If you follow me on Twitter, you know that I’m all in on video marketing. I recently hired a new social media strategist who has a background in documentary filmmaking… you can probably guess where the future of my library marketing strategy is headed.
Why am I so gung-ho on video? As a former broadcast journalist, I have seen the evidence first-hand of the impact a string of moving pictures has on people. It’s more powerful than any other medium, even print. You can read the story of how the library changed the life of a cardholder. But when you see them on the screen and hear their voice, you suddenly feel emotions–empathy, excitement, joy–on a level that you just can’t get with words in print.
And I know video marketing is a scary proposition to libraries. It seems difficult and expensive. I tried to allay your fears in a post I wrote a few months ago. I hope you’ve thought about it and are ready to commit resources to video marketing.
So get your iPhone or your DSLR camera ready, because I’ve got some ideas for videos you can create to get your video marketing strategy moving!
Facebook Cover Video: Facebook recently launched a feature that lets libraries use a video as their cover image slot. This is the perfect starting point for your library. If you have a beautiful atrium in your library, shoot a slow pan of the atrium during a busy point in the day. Or train a camera on the door when you open and record video of customers streaming into the building, then speed up the video for a time-lapse effect. Take your camera into the hidden stacks and roll as you walk among the thousands upon thousands of books. Shoot video of your processing area. Shoot video of workers loading your trucks for daily deliveries to your branches. Shoot video of your drive-up window. There are about a thousand possibilities! You can pick something that requires little or no editing, create an eye-catching visual for your Facebook page, and give yourself some confidence in video marketing.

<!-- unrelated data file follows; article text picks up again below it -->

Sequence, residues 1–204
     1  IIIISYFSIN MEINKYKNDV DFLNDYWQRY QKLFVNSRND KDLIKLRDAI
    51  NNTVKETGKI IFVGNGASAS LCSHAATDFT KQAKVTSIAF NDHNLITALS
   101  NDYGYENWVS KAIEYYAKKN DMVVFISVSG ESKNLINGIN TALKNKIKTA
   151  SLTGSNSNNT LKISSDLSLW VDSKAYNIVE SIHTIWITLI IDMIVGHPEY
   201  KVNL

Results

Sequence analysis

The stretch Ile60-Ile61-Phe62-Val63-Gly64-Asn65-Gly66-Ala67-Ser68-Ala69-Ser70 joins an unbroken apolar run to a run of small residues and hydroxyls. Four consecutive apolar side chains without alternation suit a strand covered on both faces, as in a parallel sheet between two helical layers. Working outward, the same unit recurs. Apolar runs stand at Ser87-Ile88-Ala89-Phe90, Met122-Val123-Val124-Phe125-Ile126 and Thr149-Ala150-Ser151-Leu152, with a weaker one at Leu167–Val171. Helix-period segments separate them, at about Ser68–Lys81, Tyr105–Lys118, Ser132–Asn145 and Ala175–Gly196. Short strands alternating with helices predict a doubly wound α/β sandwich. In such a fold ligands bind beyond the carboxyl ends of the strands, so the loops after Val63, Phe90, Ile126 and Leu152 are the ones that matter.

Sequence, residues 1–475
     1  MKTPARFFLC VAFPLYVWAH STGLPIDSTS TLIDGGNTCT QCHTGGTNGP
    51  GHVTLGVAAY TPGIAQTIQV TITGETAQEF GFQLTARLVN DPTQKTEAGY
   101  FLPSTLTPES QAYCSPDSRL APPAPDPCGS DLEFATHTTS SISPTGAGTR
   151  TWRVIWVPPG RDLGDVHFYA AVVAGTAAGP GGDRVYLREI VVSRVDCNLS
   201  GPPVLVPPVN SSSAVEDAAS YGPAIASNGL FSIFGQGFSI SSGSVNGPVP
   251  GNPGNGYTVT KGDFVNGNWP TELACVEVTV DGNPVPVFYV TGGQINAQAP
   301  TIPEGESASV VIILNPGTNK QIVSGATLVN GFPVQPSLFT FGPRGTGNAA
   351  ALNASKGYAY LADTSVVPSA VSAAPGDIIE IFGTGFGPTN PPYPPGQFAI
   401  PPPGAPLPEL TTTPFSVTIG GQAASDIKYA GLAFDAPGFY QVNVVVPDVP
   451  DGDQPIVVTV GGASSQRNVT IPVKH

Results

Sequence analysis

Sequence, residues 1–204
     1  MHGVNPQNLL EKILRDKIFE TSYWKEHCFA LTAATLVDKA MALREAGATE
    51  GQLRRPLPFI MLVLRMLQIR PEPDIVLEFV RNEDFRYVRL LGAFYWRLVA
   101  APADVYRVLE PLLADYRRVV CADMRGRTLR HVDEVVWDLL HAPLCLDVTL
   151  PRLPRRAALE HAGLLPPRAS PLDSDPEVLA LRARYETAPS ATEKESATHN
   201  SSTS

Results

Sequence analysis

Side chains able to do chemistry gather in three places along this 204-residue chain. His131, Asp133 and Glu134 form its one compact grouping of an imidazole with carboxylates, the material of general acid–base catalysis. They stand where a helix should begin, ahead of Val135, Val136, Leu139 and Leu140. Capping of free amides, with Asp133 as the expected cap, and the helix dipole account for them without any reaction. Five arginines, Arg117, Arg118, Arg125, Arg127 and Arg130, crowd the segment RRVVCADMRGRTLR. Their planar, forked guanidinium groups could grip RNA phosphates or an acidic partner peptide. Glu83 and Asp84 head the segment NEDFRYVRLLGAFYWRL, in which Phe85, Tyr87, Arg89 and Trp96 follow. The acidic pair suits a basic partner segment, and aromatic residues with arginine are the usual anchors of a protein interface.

A few notes about Facebook cover videos: They must be 20-90 seconds long, the resolution has to be 1080p (check your iPhone settings or use a DLSR camera), and be aware that the top and bottom of your video might be slightly cropped by Facebook, so shoot with a little extra room around the margins of your screen.
Video Book Reviews: Create a series of book reviews by librarians, volunteers, and customers. If you’re worried about someone going on and on about how great or awful a book is (readers are passionate!), set a time limit and use that as you shtick. “The 60-second book review” is catchy and gives value to the person watching without risking a diatribe that lasts ten minutes. Try to select reviewers ahead of time and give them a clear set of rules about how the segment is set up–they’ll want to say the title and author of the book at the beginning and end of the video. You can use a number of apps to add text to the video. Upload the video separately to Instagram, YouTube, Facebook, and your website. Do this because most social media platforms now penalize you for sharing video from another social media platform. For a great example of video marketing reviews, check out this series from the Columbus Metropolitan Library.
Librarian Stories: My library did a series of customer impact stories earlier this year that was extremely popular. Each was only a few minutes long and was loosely scripted. We asked librarians to tell us about memorable interactions they had with a customer. We did edit in b-roll (that’s the video that covers part of an interview and usually relates to what the interviewee is saying). We did five of these videos and, all told, it took us about two weeks to shoot, edit, and upload in addition to our other duties. Again, you can use these on multiple platforms. It’s a great piece of content marketing for your library and it also is a great way to boost morale for the front-line staff… they really loved talking about their work. We also took transcripts of their stories and used them in our print publications, so you can repurpose this content for other mediums too!
First Look at New Construction: Is your library building a new branch or doing a renovation? Shoot a video (when it’s safe) inside the building before all the paint is up and the furniture is in place, to give your cardholders a sneak peek at what’s coming! They’ll love it. Here’s a great example from the Woodberry Forest School in Virginia!
I’d love it if you share examples of great library marketing videos you’ve seen in the comments… I need some new ideas to steal, er, copy for my library!
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